(1) The applicable State regulatory authority will seek to implement, in appropriate proceedings for each electric and gas utility, with respect to which the State regulatory authority has ratemaking authority, a general policy that ensures that utility financial incentives are aligned with helping their customers use energy more efficiently and that provide timely cost recovery and a timely earnings opportunity for utilities associated with cost-effective measurable and verifiable efficiency savings, in a way that sustains or enhances utility customers’ incentives to use energy more efficiently.
(2) The State, or the applicable units of local government that have authority to adopt building codes, will implement the following:
(A) A building energy code (or codes) for residential buildings that meets or exceeds the most recently published International Energy Conservation Code, or achieves equivalent or greater energy savings.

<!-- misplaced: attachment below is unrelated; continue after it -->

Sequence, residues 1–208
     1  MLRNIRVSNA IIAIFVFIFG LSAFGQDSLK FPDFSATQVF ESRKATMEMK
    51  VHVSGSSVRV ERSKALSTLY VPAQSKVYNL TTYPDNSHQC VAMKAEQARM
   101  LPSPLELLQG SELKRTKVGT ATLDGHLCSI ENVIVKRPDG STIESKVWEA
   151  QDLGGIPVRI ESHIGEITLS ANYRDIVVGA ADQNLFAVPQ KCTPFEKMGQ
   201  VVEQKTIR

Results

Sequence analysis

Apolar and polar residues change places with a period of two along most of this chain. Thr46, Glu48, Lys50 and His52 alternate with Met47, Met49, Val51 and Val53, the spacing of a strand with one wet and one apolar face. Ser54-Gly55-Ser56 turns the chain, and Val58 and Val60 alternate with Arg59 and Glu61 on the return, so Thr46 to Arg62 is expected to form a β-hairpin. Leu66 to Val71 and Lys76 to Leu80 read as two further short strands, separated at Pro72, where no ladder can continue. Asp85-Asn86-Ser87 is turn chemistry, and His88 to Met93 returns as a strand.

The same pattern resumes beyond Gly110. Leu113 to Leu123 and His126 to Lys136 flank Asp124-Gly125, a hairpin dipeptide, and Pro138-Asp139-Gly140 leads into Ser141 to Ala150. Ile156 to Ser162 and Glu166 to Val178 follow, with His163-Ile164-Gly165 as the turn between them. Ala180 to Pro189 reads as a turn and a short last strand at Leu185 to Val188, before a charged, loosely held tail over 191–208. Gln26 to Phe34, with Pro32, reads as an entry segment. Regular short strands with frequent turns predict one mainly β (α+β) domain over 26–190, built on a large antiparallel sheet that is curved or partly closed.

(B) A building energy code (or codes) for commercial buildings throughout the State that meets or exceeds the ANSI/ASHRAE/IESNA Standard 90.1–2007, or achieves equivalent or greater energy savings.
(C) A plan for the jurisdiction achieving compliance with the building energy code or codes described in subparagraphs (A) and (B) within 8 years of the date of enactment of this Act in at least 90 percent of new and renovated residential and commercial building space. Such plan shall include active training and enforcement programs and measurement of the rate of compliance each year